116 3rd St SE
Cedar Rapids, Iowa 52401
IOWA CITY — Even as crews are developing a new University of Iowa Hospitals and Clinics in North Liberty, UI Health Care is making plans for another tower and a new College of Medicine building and clinic on its main campus in Iowa City.
Planning for those three projects — likely to cost in the hundreds of millions — is in its early stages. But they are envisioned to come online within the next decade or so, UI Hospitals and Clinics Chief Executive Officer Suresh Gunasekaran told reporters.
“We think this is a tremendously exciting planning effort, we think that this significantly improves our ability to serve Iowans by the end of the decade,” he said. “We think that when we get all of this done 10 years from now, or so, we would increase the capacity of UIHC’s ability to see Iowans by probably 30 to 40 percent.”
First among UIHC’s expansion projects is a new hospital tower on its main campus — which regularly is near capacity and forced to turn away transfers, despite its 860 beds serviced by 16,500 employees, students and volunteers. Second in line is a teaching and research building for the UI Carver College of Medicine.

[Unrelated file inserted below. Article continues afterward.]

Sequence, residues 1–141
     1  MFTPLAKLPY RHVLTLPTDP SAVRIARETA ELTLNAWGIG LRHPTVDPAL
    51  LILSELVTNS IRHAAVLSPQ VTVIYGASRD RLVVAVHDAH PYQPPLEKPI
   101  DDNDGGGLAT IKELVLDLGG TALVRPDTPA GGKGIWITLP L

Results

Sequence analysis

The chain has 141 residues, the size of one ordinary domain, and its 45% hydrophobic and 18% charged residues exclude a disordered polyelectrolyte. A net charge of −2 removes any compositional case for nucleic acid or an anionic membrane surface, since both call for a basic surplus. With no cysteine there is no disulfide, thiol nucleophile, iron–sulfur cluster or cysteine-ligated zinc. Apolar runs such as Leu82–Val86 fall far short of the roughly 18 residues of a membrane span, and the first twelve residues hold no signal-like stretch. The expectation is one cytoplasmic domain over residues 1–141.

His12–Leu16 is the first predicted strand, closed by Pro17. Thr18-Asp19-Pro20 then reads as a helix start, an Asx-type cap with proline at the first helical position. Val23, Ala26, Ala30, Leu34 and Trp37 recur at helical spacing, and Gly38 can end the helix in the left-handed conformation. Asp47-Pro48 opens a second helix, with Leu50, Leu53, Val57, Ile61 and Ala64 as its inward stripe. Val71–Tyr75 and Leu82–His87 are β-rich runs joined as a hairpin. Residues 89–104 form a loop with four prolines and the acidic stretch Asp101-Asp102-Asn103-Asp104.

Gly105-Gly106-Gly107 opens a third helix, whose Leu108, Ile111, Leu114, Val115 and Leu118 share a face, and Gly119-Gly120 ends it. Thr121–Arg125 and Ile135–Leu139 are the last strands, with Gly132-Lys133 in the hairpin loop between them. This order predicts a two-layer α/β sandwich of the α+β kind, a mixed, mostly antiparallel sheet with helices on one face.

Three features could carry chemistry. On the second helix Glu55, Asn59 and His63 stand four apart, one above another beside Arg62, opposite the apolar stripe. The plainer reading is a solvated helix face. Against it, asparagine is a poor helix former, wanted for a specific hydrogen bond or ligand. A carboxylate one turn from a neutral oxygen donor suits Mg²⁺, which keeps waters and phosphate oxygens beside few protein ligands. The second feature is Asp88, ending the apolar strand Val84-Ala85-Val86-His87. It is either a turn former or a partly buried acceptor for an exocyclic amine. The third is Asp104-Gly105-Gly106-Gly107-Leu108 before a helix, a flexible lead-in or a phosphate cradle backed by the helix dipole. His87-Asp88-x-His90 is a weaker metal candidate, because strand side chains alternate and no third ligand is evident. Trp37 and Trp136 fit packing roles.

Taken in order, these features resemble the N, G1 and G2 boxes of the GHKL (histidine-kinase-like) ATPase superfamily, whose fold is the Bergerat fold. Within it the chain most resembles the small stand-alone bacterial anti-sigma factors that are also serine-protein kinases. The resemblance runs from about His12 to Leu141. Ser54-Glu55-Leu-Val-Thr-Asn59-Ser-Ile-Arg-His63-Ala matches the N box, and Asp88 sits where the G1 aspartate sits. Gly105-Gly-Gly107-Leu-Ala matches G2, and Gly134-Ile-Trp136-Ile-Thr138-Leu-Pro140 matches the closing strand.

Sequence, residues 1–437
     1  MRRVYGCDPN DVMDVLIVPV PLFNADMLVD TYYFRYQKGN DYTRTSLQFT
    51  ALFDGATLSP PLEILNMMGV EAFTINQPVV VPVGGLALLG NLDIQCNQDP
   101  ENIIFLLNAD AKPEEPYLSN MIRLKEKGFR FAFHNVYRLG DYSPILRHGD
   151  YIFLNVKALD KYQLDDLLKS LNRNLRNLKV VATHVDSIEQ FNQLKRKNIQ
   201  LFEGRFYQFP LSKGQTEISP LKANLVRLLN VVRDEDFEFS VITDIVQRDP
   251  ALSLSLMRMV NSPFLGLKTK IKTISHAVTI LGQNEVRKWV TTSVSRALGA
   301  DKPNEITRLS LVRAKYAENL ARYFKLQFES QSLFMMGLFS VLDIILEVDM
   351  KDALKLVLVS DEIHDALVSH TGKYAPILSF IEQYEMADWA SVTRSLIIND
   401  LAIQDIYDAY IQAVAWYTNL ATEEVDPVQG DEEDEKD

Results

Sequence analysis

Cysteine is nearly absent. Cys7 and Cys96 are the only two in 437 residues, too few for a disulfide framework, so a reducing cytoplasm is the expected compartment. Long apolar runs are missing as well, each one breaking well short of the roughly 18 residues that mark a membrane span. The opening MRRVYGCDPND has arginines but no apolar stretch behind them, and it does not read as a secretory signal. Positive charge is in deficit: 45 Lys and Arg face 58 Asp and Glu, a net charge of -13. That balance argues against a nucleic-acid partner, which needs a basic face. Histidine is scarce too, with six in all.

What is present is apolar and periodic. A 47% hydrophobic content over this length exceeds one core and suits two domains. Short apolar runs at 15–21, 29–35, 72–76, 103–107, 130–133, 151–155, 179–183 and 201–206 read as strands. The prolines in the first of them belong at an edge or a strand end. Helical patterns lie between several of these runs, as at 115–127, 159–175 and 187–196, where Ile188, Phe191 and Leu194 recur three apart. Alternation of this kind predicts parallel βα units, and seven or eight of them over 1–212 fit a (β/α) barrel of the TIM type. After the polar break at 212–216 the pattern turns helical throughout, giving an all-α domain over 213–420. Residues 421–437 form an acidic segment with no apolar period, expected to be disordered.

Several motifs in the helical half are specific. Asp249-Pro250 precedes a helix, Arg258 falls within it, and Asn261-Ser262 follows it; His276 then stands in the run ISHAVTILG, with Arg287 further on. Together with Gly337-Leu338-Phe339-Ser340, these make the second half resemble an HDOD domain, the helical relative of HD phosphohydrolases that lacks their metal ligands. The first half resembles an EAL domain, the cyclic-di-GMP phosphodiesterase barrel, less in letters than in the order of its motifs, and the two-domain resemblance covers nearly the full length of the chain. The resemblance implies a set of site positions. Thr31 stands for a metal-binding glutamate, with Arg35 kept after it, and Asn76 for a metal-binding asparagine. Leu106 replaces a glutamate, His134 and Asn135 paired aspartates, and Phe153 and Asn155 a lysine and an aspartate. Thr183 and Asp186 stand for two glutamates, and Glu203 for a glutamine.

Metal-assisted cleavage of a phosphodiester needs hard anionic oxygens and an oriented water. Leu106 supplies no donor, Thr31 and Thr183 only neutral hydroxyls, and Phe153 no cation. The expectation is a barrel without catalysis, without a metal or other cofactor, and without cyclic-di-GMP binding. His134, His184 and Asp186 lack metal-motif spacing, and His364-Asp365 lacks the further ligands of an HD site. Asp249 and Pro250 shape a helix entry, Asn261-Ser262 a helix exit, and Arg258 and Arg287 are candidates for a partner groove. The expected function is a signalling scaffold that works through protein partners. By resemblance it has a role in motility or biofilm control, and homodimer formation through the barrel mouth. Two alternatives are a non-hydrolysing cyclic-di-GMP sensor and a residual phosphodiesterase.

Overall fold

“As the faculty size is growing so much, and the number of learners is growing so much, we need more teaching and research space at the campus over the next decade,” Gunasekaran said.
Third is an ambulatory care building — or another clinic — for patients on the main campus. Specifics of what that clinic might hold haven’t been ironed out, but Gunasekaran said campus clinics typically focus on interdisciplinary needs.
“So transplant, cancer, neurosurgery, cardiac surgery, some of these more complex programs, their clinics will always be on main campus,” he said.
UIHC has expanded its clinics operation across the state in recent years, from Fort Dodge, south to Des Moines, east to Davenport and up to Dubuque and Waterloo. But all three of its new buildings announced this week will be added to the main Iowa City campus.
That, Gunasekaran said, is because this development is driven by a need for renovation and modernization. Some of the clinics to be modernized were built in the 50s, 60s and 70s. “So there is a certain component of this entire master plan, which is just replacing and modernizing,” he said. “It's not really growth.”